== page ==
Kicking off a new position in the depths of a pandemic lockdown was not exactly business as usual.
“It took me two years to meet everyone,” he says. “But God was in it, so it wasn’t hard. It was weird, but not hard.”
In fact, Andrew believes the impact of the pandemic on the church was perhaps more beneficial than many first realised.
“The truth is that the way we were doing church wasn’t working,” he says.
Andrew believes that the European models of church most denominations in Australia have inherited are holding up a cultural identity that is no longer meaningful.
“We copy models from the US that don’t work either,” he says. “What we need to do instead, is listen to our neighbour, love our neighbour and lean in to what the Spirit is doing.”
“We need to stop trying to colonise and start being a neighbour.”
Previously the principal of Stirling Theological College, Andrew was involved in the establishment of the University of Divinity and has worked in churches large and small since the early 1990s. He has a Master of Ministry (Charles Sturt University – St Mark’s National Theological Centre) and a Doctor of Ministry from Fuller Theological Seminary, California. He is married to Kim and they have two children.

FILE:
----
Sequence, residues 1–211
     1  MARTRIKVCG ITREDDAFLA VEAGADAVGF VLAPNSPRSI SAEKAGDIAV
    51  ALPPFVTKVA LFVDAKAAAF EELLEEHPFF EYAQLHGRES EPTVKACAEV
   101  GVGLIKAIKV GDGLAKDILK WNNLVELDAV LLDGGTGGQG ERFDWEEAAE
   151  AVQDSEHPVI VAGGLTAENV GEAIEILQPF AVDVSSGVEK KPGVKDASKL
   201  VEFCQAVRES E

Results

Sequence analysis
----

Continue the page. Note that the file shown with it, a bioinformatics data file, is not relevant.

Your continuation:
Andrew believes narrative is essential to understanding ourselves, and our faith, citing Australian writers such as Tim Winton, Richard Flannery and Geraldine Brooks—and greats like Dostoevsky, Tolstoy, Dickens and Hardy—as important influences that open up his perspective and remind him of the human impact of all we do.
He also credits his years at MST (or Bible College Victoria, as it was then) studying part-time for a Bachelor of Ministry from 1992–97, with the frameworks he still clings to today.
“Whether they relate to pastoral counselling, preaching or strategic thinking, I’m grateful for that investment,” Andrew says.
“For example, in our preaching course, the first thing we did was a one-week intensive that walked us through the whole Bible. It gave us a narrative to fit into.”
“We live in a story and it’s how we see the world,” he says. “We need to recover narrative, otherwise we’re just giving dry information that doesn’t make sense.”
Header image: BCV Alumnus Andrew Menzies pictured (centre) with church planters near Salatiga, Central Java.